Early January days can be the strangest of all.
The days that come after the giant swell of end of year events that is late December – the Christmas season that I so deeply desire to be meaningful but often ends up a tiring experience of mayhem. That week between Christmas and New Years that literally disappears into nothingness where sleeping patterns are non existent, days of the week forgotten and you’re most productive at 2am. The days spent binge watching Netflix when the weather is all kinds of crazy and eventually the cricket and the tennis just take over.
These are the days where the pressures of the working year, at a job or at school or at university aren’t front and centre but perhaps even more unsettlingly lurk around the edges of your down time.
They sit there asking you questions like “how is this year going to be different from last year?”, “what kind of effort are you going to put in this year?”, “what are you doing with 2017?” “when are you going to enrol or confirm your timetable and starting date?” (That’s assuming you know what you want to study and where!)
It’s a voice that on a good day can be exciting and motivating but on an average day can be annoying at best and deeply disorientating at worst.
Follow some of these questions about your decisions through and you can end up with even more challenging questions such as “What am I even doing with my life?” “What’s it worth?”, “Am I making a difference to anyone anywhere – am I capable of making that kind of difference?”, “what is my potential and how can I make sure I don’t miss it?”, “Who am I really?”
These questions can come even in the midst of security, when you DO know what you’re doing this year, when you DO know what you want to do with your life when you HAVE a reliable sense of who you are. Questions of identity, belief and purpose never distinguish between doubt and confidence – they’re always there.
These days and their questions are classically experienced in what’s known as liminal space, the space between spaces – a space between what was and what will be. Victor Turner talks about liminality as an ambiguous disorientation that occurs in the in-between times, when old structures and ways of understanding and organising ourselves according to our previous environments, status and roles are gone but we haven’t yet entered into new environments, status and roles by which we can understand and organise ourselves.
For example, you’ve finished year 12, so you’re not a high school student any more but you haven’t started university yet so you’re not a uni student either. You finished one year of uni and you’re deferring but not sure what to yet. Maybe you finished up in one job but haven’t found or started the next, or you’re sure you can’t repeat the year the was but don’t know what you want the new year to be about – yep, been there – it’s the easiest time to feel lost.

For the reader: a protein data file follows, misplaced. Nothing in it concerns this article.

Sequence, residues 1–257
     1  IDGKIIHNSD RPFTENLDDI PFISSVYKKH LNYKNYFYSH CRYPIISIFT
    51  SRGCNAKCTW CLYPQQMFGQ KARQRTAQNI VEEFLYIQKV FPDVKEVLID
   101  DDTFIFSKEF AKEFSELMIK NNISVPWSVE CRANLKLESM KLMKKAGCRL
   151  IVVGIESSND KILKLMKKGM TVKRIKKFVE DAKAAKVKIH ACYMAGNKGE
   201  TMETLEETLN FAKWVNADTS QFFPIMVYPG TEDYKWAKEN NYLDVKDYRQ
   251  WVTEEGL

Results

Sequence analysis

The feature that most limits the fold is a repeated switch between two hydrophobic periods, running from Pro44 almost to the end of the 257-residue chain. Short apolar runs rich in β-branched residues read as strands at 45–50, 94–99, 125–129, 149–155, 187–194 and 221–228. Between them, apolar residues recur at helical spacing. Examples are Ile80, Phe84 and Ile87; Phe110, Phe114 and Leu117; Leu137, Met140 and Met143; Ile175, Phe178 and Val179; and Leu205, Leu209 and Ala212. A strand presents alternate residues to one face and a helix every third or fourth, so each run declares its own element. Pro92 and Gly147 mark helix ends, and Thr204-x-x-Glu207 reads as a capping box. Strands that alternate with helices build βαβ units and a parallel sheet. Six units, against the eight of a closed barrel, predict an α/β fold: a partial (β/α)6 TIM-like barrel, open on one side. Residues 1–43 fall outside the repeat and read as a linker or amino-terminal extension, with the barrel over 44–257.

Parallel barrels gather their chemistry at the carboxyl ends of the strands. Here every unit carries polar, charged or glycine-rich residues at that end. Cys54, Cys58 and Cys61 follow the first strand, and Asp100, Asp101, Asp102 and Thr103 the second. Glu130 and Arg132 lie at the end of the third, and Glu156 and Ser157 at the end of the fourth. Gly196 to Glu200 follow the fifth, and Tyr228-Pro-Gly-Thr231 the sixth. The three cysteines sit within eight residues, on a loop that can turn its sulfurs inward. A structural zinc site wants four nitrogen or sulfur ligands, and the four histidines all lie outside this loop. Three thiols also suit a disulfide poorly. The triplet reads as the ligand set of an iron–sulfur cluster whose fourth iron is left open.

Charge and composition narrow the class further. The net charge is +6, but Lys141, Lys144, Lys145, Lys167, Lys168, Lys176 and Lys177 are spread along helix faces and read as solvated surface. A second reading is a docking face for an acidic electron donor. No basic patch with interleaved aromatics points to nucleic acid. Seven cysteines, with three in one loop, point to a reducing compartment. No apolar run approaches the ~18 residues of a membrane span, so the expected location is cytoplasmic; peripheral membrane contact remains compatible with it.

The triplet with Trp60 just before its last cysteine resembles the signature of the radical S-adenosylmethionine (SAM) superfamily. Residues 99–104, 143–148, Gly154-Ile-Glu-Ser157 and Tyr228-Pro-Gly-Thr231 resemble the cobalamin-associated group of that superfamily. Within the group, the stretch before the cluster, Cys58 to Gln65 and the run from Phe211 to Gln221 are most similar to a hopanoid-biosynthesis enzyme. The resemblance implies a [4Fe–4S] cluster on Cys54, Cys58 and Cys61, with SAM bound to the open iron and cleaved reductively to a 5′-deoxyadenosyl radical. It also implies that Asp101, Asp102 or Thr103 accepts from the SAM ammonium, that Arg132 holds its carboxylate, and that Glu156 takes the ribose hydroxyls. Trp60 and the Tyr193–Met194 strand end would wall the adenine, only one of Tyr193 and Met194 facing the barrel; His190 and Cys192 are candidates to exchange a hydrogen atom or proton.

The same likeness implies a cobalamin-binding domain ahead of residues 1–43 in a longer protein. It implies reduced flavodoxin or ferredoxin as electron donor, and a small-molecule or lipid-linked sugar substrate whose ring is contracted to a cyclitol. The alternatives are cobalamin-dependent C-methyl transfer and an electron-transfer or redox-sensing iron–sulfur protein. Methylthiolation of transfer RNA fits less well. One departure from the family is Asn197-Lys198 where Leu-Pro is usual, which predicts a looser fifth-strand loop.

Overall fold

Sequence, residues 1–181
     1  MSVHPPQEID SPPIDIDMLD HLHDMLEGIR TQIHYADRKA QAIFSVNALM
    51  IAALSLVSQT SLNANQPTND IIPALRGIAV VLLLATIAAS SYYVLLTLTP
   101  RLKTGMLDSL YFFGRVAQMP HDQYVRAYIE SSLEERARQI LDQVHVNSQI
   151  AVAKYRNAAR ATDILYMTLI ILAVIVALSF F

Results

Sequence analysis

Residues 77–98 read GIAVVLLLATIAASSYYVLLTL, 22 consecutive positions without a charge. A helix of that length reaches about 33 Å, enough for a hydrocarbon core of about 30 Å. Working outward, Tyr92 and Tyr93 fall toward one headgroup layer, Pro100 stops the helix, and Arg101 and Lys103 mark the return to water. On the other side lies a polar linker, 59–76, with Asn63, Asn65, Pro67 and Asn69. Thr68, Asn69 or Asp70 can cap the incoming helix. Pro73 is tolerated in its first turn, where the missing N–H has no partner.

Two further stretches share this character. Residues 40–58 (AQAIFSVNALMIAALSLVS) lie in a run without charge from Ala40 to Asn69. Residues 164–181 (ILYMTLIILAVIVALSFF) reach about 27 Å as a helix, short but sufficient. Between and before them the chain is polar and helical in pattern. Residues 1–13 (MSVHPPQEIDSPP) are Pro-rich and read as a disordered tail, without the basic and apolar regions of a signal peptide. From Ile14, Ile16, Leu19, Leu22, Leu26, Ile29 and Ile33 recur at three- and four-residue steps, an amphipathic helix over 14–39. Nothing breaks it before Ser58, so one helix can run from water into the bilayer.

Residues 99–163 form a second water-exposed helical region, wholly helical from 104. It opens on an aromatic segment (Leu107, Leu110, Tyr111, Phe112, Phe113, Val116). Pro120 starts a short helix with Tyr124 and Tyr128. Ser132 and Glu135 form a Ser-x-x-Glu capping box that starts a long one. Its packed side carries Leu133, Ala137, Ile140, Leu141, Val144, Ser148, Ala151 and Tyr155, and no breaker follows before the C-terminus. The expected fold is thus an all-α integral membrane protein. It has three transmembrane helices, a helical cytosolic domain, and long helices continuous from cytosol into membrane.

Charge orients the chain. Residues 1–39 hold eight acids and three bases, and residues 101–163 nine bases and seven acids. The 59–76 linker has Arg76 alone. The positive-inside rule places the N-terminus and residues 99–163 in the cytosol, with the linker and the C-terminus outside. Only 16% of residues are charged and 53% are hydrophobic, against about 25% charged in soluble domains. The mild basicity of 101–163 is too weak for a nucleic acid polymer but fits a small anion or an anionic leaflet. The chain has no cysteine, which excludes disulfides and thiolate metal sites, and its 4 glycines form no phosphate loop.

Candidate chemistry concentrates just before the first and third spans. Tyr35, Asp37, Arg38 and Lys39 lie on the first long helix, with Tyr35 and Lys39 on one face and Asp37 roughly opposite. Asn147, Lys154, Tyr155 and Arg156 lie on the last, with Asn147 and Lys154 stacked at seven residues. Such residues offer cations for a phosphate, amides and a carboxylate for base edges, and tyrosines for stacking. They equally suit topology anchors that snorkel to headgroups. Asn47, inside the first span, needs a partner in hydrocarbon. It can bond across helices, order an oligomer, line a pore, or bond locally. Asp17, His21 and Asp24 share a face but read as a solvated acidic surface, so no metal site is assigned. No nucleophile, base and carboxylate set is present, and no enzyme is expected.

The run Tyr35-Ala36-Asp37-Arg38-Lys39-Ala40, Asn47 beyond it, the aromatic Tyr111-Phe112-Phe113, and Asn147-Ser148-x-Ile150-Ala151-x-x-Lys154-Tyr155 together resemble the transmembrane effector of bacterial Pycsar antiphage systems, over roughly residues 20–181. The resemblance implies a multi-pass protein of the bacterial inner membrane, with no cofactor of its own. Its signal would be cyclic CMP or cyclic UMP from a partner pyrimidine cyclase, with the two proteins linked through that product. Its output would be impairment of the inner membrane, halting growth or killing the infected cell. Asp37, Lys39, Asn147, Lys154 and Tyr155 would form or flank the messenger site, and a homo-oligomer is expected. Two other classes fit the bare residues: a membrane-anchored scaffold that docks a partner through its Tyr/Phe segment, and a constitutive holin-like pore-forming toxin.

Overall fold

For someone with a fairly unwavering sense of direction I’ve been lost a few times. One occasion in particular was a late Thursday night, in the rural middle of no-where, I was a P-Plate driver without a mobile phone (shocking I know) with ¼ tank of petrol and an old Melways and I was lost.
And it just got worse…
It got worse because I misread the map and proceeded in the opposite direction from my destination! There were tears, unsavoury words and panicky prayers. I was lost chiefly because I didn’t know where I was to begin with.
I knew where I wanted to go but I had no idea where I was starting from so getting there just seemed impossible. It wasn’t until I found an intersection displayed on the map that I could finally get a sense of where I was and begin to make progress towards my destination.
I could have driven in any direction, I could have tried a dozen options that would all lead somewhere but not where I wanted to go because I didn’t understand where I was starting from. To get anywhere you need to know where you’re starting from – and that can take some work.
The same has been true in my interior life, I’ve been lost there too.
I had finished my degree, was working in a stable and respectable job, earning money, serving in my local church, contributing to a community, enjoying friendships and living the life I had planned for myself. It became a significantly trying time because I realised my life had been on a kind of auto-pilot. I went to school, I went to uni, I got a job, worked hard, I succeeded and everything about my future seemed ambiguously assumed.